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Khouzam v. Attorney General of the United States

December 5, 2008

SAMEH SAMI S. KHOUZAM, PETITIONER
v.
ATTORNEY GENERAL OF THE UNITED STATES; MICHAEL CHERTOFF, SECRETARY OF DEPARTMENT OF HOMELAND SECURITY; JULIE MYERS, ASSISTANT SECRETARY OF HOMELAND SECURITY
SAMEH SAMI S. KHOUZAM,
v.
MICHAEL CHERTOFF, SECRETARY OF DEPARTMENT OF HOMELAND SECURITY; THOMAS H. HOGAN, WARDEN, APPELLANTS



On Petition for Review of a Decision of the Department of Homeland Security A75-795-693. On Appeal from the United States District Court for the Middle District of Pennsylvania (D.C. Civil No. 07-cv-00992) District Judge: Honorable Thomas I. Vanaskie.

The opinion of the court was delivered by: Rendell, Circuit Judge

PRECEDENTIAL

Argued June 30, 2008

Before: RENDELL, SMITH, and FISHER, Circuit Judges.

OPINION OF THE COURT

Sameh Sami S. Khouzam, a citizen of Egypt and a Coptic Christian, challenges the legality of his detention and imminent removal based on diplomatic assurances by Egypt that he would not be tortured if he was returned. In 1998, Khouzam was denied admission to the United States and taken into custody upon arriving without proper documentation. After years of proceedings, Khouzam was granted relief from removal because it was more likely than not that he would be tortured if returned to Egypt. His removal was deferred, rather than withheld, because there were serious reasons to believe that he committed a murder prior to departing Egypt. Khouzam was released from custody in 2006. In 2007, without notice or a hearing, the Department of Homeland Security ("DHS") again detained Khouzam, and prepared to remove him based on diplomatic assurances by Egypt that he would not be tortured. Khouzam filed an emergency habeas petition in the District Court for the Middle District of Pennsylvania, and a petition for review in this Court, arguing that the DHS's actions were unlawful. The District Court granted Khouzam's habeas petition after concluding, in a comprehensive, thoughtful opinion, that Khouzam was denied due process. The Government appeals that ruling.

The arguments before us may be summarized as follows: Khouzam argues that (1) the Government violated certain statutes and the Due Process Clause by failing to provide him a hearing to test the reliability of the diplomatic assurances; (2) diplomatic assurances from Egypt are categorically unreliable; and (3) the Government failed to comply with relevant regulations. The Government argues, in the alternative, that (1) federal courts lack jurisdiction to consider Khouzam's claims; (2) Khouzam's claims are non-justiciable; (3) Khouzam received all of the process to which he was entitled; and (4) the Government complied with all relevant regulations.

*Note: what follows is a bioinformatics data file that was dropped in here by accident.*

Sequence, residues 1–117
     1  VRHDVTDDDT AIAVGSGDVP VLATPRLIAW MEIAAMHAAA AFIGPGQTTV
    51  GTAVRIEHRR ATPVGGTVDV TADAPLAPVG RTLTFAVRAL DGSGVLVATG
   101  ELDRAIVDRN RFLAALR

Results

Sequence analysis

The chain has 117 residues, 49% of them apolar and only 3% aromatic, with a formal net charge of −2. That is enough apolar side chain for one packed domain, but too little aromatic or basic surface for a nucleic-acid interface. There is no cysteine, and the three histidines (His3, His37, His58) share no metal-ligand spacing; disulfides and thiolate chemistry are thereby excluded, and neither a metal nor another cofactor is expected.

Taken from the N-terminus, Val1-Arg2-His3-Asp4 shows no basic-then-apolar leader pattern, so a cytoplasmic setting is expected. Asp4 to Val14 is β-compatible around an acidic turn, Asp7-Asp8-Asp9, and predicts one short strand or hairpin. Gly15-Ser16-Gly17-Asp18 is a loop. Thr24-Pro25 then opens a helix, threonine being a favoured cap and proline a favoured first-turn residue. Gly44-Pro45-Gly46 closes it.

We will find for Khouzam for the reasons discussed at length below. We will reverse the District Court's order granting the habeas petition because we disagree with the Court's conclusion that habeas relief was available. However, we will grant Khouzam's petition for review because we agree with the District Court that he was denied due process. We will accordingly remand the matter to the Board of Immigration Appeals ("BIA") for further proceedings consistent with this opinion.

I. Background

A. History of the Proceedings

This matter comes to us after proceedings that spanned a decade. On February 10, 1998, Khouzam boarded a plane in Egypt bound for New York. While Khouzam was in transit, Egyptian authorities notified the State Department that he allegedly committed a murder shortly before leaving the country. U.S. officials accordingly cancelled Khouzam's visa, detained him upon arrival, and initiated removal proceedings because, with his visa cancelled, Khouzam lacked the requisite documentation.

The complex proceedings that followed may be summarized for present purposes. Khouzam sought to avoid removal by applying for asylum, withholding of removal, and later for relief under the statutes and regulations implementing the United Nations Convention Against Torture and Other Cruel, Inhuman or Degrading Treatment or Punishment ("CAT"). See Sen. Treaty Doc. No. 100-20 (1988), 1465 U.N.T.S. 85. In proceedings ultimately concluding in a decision by the United States Court of Appeals for the Second Circuit in 2004, Khouzam was denied asylum and withholding of removal based on a determination that there were "serious reasons" to believe that Khouzam had committed a homicide before leaving Egypt. Khouzam v. Ashcroft, 361 F.3d 161, 166 (2d Cir. 2004).*fn1 However, the Court also determined that Khouzam was eligible for relief under CAT based on a finding by the Immigration Judge ("IJ") that there was "overwhelming" evidence that Khouzam would be subjected to torture in Egypt, and a subsequent determination by the BIA that: